The consequences of these decisions placed thousands of American homeowners and homebuyers in debt or without a house. Once investors realized that these homeowners were unlikely to pay back their loans, banks took huge hits, with many of them–like Lehman Brothers and Bear Stearns–filing for bankruptcy. Whether we blame the people who accepted allegedly safe loans, the banks who trusted the agencies they coordinated with long term, or various ignorant decision making and misunderstanding on multiple levels of authority, in the end, several banks were refinanced by the Federal Reserve, and thousands of Americans lost their homes.

Although the recession increased the average rent check by 22% in the 50 largest housing markets , older millennials, minorities, especially Latinx folks, and men were most likely to be displaced from homeowners to renters in 2008. African Americans and Latinxs were disproportionately affected. A report from the ACLU reported that Black Americans’ wealth is estimated to be 40% lower and $98,000 poorer, than if the recession had not happened. A white American’s wealth is predicted to be 30% lower than it would have been if the recession had not happened.

Because home ownership makes up a larger portion of the average Black person’s overall wealth, the statistics showed that the recession hit this community harder. These numbers are also indicative of minority communities being disproportionately harmed by, and given these subprime home loans with high interest mortgages, given by banks, on houses they were living in. These mortgages eventually blew up into unaffordable payments for minority and non-minority homeowners who eventually defaulted as the values of homes dropped.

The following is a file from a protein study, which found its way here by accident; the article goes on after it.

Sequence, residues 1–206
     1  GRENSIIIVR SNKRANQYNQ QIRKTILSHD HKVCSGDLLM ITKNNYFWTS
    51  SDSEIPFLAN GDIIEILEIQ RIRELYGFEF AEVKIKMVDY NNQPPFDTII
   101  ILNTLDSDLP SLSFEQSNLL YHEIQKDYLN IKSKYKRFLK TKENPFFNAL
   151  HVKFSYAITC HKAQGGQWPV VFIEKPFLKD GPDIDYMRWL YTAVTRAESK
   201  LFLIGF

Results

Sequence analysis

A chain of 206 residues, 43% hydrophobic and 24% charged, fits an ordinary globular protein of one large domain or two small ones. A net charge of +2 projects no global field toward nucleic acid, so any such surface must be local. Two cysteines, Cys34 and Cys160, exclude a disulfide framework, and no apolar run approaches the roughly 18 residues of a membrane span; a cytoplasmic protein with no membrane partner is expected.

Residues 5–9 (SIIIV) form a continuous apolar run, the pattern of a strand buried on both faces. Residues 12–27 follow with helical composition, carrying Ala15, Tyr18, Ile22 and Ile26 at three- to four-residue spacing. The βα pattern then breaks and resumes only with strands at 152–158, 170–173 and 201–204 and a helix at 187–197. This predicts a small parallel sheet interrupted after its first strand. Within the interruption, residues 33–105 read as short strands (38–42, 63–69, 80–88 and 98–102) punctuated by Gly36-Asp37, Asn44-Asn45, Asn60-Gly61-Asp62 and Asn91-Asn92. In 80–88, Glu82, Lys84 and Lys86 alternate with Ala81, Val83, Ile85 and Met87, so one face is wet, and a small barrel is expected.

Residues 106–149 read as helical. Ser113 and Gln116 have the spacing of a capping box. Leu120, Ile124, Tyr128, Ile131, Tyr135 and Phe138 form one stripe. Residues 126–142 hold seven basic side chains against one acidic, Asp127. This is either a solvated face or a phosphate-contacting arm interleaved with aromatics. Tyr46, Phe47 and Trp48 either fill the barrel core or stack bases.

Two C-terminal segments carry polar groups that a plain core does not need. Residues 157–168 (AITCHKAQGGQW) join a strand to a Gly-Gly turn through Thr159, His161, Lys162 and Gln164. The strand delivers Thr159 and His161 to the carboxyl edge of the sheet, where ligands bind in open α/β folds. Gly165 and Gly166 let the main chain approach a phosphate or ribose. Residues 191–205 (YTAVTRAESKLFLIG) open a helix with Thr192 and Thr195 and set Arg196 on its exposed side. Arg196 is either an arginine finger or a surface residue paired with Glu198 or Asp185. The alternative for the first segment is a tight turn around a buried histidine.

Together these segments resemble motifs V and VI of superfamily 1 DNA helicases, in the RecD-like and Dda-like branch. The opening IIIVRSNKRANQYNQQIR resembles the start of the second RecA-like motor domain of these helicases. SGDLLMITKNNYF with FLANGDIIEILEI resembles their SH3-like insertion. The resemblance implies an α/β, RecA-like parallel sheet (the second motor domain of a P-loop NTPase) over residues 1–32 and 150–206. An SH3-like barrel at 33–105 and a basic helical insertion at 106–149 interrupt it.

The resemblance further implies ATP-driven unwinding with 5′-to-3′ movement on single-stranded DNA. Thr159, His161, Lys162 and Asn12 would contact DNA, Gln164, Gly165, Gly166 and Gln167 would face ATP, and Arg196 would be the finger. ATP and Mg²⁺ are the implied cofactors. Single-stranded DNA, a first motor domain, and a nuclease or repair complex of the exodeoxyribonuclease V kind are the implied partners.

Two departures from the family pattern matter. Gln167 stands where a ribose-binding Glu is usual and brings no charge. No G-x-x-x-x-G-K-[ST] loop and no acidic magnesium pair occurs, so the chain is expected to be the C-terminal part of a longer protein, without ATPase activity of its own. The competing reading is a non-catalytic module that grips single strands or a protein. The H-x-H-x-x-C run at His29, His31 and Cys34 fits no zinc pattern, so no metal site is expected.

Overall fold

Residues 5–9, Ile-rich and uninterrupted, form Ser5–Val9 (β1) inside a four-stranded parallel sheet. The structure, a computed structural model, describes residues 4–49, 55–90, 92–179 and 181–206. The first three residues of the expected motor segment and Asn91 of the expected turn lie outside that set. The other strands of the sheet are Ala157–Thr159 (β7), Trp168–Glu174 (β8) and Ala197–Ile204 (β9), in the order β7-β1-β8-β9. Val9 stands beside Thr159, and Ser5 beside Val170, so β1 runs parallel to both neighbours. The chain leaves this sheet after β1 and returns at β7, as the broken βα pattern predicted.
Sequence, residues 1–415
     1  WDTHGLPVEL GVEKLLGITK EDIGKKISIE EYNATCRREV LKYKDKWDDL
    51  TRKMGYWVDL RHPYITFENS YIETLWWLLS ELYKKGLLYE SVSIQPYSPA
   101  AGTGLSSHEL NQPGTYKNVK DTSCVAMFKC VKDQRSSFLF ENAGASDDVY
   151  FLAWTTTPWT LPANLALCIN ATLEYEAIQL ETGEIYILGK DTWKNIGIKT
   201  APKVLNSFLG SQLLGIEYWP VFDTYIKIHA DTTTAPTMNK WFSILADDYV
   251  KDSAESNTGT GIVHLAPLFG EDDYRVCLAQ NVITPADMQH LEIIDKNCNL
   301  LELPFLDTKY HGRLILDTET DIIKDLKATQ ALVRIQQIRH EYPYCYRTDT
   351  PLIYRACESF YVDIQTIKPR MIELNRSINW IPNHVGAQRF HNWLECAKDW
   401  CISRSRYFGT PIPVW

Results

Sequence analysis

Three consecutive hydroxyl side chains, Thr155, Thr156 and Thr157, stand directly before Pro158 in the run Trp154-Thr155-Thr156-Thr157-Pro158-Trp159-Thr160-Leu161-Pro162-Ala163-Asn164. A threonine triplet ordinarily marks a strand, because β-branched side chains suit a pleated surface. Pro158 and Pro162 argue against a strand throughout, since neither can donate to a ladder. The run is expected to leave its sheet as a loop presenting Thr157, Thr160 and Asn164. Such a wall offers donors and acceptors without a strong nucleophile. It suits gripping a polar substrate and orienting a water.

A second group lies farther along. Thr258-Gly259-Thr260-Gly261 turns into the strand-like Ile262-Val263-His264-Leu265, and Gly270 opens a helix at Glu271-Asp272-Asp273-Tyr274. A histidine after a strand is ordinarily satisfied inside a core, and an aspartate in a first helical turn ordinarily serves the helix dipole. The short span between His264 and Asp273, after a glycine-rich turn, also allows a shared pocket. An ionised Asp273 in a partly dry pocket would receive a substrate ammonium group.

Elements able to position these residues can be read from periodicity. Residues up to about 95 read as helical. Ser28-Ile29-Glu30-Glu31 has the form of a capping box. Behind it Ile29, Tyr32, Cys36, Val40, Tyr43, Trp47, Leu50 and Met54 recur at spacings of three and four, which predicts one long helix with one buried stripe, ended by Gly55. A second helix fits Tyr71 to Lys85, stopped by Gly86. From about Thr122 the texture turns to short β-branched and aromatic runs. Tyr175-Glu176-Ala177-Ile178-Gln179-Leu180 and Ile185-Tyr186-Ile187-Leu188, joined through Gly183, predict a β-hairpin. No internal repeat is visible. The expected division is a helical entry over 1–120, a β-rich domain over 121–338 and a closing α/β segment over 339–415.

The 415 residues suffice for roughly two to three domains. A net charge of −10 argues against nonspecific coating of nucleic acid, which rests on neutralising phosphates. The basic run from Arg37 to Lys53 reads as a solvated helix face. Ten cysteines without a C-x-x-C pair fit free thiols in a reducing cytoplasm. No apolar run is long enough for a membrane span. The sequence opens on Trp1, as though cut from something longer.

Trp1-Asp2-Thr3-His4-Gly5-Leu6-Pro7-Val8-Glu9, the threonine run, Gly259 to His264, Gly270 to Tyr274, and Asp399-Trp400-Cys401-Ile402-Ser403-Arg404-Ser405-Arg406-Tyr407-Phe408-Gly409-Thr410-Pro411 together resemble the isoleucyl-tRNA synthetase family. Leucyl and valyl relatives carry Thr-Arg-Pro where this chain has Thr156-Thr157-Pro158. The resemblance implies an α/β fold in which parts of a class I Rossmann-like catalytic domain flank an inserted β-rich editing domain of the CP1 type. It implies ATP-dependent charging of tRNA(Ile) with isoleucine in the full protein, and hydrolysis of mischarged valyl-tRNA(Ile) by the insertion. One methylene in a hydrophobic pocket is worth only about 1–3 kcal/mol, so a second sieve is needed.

While this affected all communities, the ACLU study displays that the subprime financing disproportionately affected Black communities, even accounting for upper income Black households. Additionally a report from the Department of Treasury found that Black and Latinx households were almost 50% more likely to face foreclosure then white households. This evidence of racial disparities in subprime lending shows Americans the social impact of the 2008 housing bubble burst.

Defenders of the Federal Reserve’s decision to loan out money to the otherwise bankrupt banks, who had offered what came to be unaffordable loans for the majority, argue this move was crucial to save the American economy for decades to come. In a Brookings talk in 2014, former Federal reserve chair Ben Bernanke said if the Federal Reserve had not provided banks with emergency funds the market would have fallen into an even deeper recession than it had already experienced. On the other hand, many believe the Federal government’s decision to “bail out” the banks was immoral, as thousands were left without homes and needed to file for bankruptcy. In particular, Black and Latinx communities were hit harder by the recession than their white counterparts. Around 2008, home equity for white Americans decreased by roughly 9 percent while Black Americans experienced a decrease of 12 percent. Those who condemned  saw the nearly zero percent interest rates for banks taking out emergency loans from the Fed actually incentivised the banks’ risky behavior of loaning to under qualified persons.

At this point in time we cannot be sure whether we are in the midst of a housing bubble. However, it is worth revisiting the last bubble that burst in the American economy to better understand the possible ramifications of who is affected and how they are affected in our next economic downfall.